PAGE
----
Principal Investigator: Diane K. King, Ph.D
This research is supported by the Alaska Mental Health Trust Authority, grant #4743.
In 2010, the prevalence of Alzheimer's disease (AD) and related disorders in Alaska was estimated at about 7,600 and is increasing exponentially every year. Adult day services offer an opportunity for individuals with AD to participate in activities that will help prolong their functional mobility and skills and prevent or slow the need for skilled nursing care.
CBHRS is collaborating with the Salvation Army of Alaska, Serendipity Adult Day Services, to evaluate the Enhance Mobility program. Enhance Mobility (EM) is an exercise program for individuals with dementia that was developed by Rebecca Logsdon, Ph.D., at the University of Washington. The program draws on evidence-based interventions and includes two components: group exercise and walking. Exercises are designed to focus on flexibility, strength, balance, and endurance.
In May 2013, Serendipity replaced their routine exercise activities with EM. Dr. Logsdon trained Serendipity staff and CBHRS researchers to conduct the EM program. EM group exercise is now offered to guests (people enrolled in Serendipity services) 5 times per week, and the walking program is offered 4 times per week.
Results To Date
Guests enrolled in the study completed physical and psychological assessments before the start of the EM program (baseline), and again four and eight months after the start of the program. Performance measures included a timed 10 meter walk test, to evaluate gait speed- a predictor of falls risk, standing balance assessments, and chair stands - to measure endurance. Researchers conducted interviews with caregivers and Serendipity staff to learn more about how the EM program is affecting guests.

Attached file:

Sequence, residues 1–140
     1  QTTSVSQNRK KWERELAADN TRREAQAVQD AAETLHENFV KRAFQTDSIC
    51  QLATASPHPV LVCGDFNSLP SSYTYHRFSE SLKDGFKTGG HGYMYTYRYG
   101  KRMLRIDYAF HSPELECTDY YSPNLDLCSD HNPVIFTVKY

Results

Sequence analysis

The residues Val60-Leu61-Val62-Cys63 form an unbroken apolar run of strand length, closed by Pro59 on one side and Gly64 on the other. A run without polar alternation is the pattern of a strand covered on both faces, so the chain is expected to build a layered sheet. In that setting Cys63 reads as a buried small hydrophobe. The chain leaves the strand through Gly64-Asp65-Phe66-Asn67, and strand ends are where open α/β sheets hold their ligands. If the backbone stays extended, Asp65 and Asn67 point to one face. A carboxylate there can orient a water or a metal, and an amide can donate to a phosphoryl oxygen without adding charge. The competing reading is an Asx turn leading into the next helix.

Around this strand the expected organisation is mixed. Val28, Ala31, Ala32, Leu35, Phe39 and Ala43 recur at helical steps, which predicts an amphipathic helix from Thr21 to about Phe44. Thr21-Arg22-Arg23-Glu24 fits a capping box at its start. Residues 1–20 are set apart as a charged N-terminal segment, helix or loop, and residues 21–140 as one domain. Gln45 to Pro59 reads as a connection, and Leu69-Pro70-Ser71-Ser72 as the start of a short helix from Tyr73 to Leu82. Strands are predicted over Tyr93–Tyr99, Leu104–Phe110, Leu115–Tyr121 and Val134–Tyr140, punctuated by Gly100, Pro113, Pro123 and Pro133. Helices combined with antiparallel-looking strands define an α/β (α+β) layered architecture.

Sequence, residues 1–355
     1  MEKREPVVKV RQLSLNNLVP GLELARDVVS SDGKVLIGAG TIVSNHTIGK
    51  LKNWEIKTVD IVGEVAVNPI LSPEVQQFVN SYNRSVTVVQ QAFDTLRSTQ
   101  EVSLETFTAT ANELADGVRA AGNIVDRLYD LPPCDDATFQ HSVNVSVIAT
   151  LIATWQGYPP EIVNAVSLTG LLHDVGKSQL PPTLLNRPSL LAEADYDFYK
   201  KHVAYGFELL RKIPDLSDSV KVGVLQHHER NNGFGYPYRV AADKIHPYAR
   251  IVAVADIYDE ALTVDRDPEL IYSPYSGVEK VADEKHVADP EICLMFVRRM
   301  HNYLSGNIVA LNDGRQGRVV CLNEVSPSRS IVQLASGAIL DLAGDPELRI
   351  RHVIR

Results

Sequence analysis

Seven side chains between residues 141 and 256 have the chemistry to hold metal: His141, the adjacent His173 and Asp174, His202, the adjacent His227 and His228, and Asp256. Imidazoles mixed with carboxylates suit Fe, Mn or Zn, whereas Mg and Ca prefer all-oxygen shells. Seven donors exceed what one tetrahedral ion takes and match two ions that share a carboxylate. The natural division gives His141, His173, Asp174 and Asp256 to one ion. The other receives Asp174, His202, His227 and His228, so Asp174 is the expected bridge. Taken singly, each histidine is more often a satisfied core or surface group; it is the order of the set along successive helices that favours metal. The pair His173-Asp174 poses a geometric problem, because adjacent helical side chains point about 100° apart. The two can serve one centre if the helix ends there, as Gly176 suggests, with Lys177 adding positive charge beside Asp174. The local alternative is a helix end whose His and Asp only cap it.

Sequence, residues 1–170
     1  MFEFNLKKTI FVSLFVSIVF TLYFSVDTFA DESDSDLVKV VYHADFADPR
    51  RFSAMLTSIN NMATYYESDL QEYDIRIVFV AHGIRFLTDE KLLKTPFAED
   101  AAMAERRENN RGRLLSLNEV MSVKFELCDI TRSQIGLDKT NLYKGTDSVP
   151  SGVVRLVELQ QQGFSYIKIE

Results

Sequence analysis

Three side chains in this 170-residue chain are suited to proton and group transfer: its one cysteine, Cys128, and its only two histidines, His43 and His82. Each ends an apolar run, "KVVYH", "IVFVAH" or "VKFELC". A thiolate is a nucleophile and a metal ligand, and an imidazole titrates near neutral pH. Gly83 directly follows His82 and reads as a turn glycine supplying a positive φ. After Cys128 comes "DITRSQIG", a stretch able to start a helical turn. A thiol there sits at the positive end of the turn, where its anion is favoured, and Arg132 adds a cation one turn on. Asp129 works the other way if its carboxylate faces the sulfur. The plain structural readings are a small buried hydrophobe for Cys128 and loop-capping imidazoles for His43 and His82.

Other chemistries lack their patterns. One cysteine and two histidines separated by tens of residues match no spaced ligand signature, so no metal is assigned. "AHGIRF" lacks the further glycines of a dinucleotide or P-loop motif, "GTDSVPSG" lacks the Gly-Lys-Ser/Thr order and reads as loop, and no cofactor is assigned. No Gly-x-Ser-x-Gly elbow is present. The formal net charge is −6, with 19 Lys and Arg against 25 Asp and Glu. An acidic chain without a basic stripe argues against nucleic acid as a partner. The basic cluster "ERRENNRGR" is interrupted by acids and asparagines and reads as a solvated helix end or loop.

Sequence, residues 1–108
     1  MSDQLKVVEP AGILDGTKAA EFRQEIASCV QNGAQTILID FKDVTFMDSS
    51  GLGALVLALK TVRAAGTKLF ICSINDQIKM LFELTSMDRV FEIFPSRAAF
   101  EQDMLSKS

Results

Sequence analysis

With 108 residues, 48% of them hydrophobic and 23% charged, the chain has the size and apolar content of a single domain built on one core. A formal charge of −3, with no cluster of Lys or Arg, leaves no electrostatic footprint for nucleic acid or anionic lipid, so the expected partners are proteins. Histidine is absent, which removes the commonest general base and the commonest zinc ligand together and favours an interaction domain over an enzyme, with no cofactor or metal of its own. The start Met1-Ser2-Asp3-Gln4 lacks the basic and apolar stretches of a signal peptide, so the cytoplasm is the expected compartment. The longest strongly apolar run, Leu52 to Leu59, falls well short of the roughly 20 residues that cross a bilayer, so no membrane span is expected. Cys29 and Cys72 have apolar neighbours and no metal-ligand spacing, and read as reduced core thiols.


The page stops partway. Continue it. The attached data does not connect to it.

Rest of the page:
Based on results from key informant interviews and researcher observations at Serendipity, Enhance Mobility continues to be viewed as a positive program and staff report physical, psychological, and social benefits for guests. Our assessments indicate increased ability among guests to perform the exercises: however there were few measurable changes in physical or functional performance from baseline to four-month and eight-month follow-up, based on guest assessments and caregiver quantitative reports. Given the population and the four-month and eight-month follow-up time frames, a finding of sustained performance over time may be positive, given the importance of slowing the rate of decline and sustaining functional ability as long as possible.
"Jill * has fun doing exercises, and doing them in a group is a motivator for her." -- Guest caregiver
"Bob* is just so much more stable and independent and in a better frame of mind...he has been able to do other programs with us. He dances better and some of our bowling and soccer and things like that, he is more capable of participating in. And he is just a happier person." --Serendipity staff
"I've seen people maintain their body strength for helping transfer themselves with another person from off their chair for toileting which is really a big deal. That's been really cool to see." --Serendipity staff
*pseudonyms used to protect guest confidentiality